According to a recent job advert, Roswell is “a new service for information workers to easily discover and publish data and applications in the enterprise.” The job description talks about accessing and unifying cloud data services and we already know that Isotope – the Hadoop service expected for both Azure and Windows Server this summer – will integrate with tools like Flume, which aggregates log data from sources like sensor networks, as well as Sqoop, a tool for transferring data between Hadoop and relational databases.
Put all that together and Microsoft will have a set of data services that scale up and down so that you can work with familiar datasets, unstructured data from the public cloud or your company servers and private cloud, all from the same familiar tools. This shift to big data and new sources is going to be the next big step in business intelligence, and Microsoft’s approach should help you continue to get value from the BI investments you’re making today.
But when it comes to information from social networks, don’t assume that analysing how people feel about your brand is all you can really do. Applications like MicroStrategy’s Wisdom helps you analyse promotions and feedback received through Facebook applications, giving you detailed demographic information about your fans and your customers so that you can do some very targeted marketing, or automate the sending of personal messages such as birthday greetings from your CMS. For more powerful analytics, SAS Social Network Analysis combines sentiment analysis, customer segmentation and fraud detection. That said, for most of us, the truth about what’s happening in the projects we work on are to be found as much in email as in any formal documents. The Outlook Social Connector in Outlook 2010 makes it easier to see social updates and files you’ve exchanged with contacts as well as meetings you’ve both been in, but if you want to dig into the information that is concealed in your inbox, then check out Xobni. Xobni adds links to information you’ve exchanged through services like Dropbox and salesforce.com as well as emailed file, link, appointment and social network updates. It also lets you see useful statistics such as when particular people most often reply to your email, when you read or send the most messages, and how often the boss emails you.
Mine and map
If you’re working with a mix of documents, survey results, interviews and other qualitative research data, NVivo lets you analyse and structure your information without losing track of where your references come from. You can tag audio, video and image files alongside text and data, and assign concepts and relationships to ‘nodes’ that you use to build hierarchies or mind maps. The textual analysis automatically links synonyms and words with similar meanings so that you can search for one term and be sure you’re seeing all the relevant results. Video, pictures and audio aren’t automatically analysed or transcribed, so you have to annotate them manually, but as you do so you get a visual representation of the notes on screen as well as searchable, tracked text. You can chart the data you annotate in NVivo even if it’s not based on numbers, or visualise data using radar charts, tag clouds and tree maps to get an overview of the patterns and connections in your data. This can also help you identify where your results have been skewed by input from any specific source, such as a particularly chatty interview subject.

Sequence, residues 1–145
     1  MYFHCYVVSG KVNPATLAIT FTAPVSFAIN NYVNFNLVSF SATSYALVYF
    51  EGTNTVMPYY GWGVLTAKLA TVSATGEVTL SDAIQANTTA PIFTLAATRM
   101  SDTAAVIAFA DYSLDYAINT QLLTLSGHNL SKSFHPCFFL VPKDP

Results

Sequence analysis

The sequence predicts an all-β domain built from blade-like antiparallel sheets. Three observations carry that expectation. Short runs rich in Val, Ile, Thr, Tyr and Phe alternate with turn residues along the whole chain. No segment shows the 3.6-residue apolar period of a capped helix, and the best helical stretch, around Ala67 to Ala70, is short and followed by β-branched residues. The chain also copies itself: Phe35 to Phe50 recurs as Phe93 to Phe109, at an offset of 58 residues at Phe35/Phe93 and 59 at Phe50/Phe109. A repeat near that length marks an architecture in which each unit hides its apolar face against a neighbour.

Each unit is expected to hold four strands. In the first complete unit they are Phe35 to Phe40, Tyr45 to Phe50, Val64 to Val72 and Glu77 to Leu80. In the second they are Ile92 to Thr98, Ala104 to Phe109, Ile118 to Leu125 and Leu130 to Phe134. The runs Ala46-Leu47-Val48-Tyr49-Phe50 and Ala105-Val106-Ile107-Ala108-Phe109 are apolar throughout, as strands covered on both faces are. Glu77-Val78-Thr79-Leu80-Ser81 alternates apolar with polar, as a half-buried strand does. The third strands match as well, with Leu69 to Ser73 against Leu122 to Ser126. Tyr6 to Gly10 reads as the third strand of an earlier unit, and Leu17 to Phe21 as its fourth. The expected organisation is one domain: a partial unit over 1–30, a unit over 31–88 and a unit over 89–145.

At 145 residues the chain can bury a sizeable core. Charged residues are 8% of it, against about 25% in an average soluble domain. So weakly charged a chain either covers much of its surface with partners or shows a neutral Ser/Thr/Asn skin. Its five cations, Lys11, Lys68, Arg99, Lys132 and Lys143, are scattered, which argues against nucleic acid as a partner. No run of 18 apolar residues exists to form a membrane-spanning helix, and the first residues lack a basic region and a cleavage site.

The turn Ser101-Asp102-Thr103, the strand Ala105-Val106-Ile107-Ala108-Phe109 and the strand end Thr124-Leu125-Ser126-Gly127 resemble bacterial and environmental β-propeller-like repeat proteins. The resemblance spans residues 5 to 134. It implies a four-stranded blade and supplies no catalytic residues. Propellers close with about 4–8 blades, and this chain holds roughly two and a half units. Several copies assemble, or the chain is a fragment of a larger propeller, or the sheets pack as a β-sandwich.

NVivo is best known in academic and research circles but it’s becoming popular with economists, market researchers, analysts and consultants. Australian firm Banarra is using it to measure corporate sustainability. Making sure the improvements that corporations claim are real rather than just PR puffery means analysing a wide range of source data that includes both qualitative and quantitative data. Organising information in a more free form way is useful, whether you clip details from Web pages into OneNote and apply custom tags, or build a visual representation using a mind-mapping tool like MindManager to organise key results or topics you want to research. MindManager’s new Connect SP plugin can automatically show SharePoint document libraries and collaborations as mind maps, so helping you to explore semi-structured data. BI tools are vital for anyone who needs to make business decisions. The advantages are both obvious and dramatic. As Microsoft’s Ted Kummert puts it, “You make people look better. They now know something they didn’t know before. They have some insight they didn’t have before. They’re going to be more effective at their jobs tomorrow. Business is going to be better.”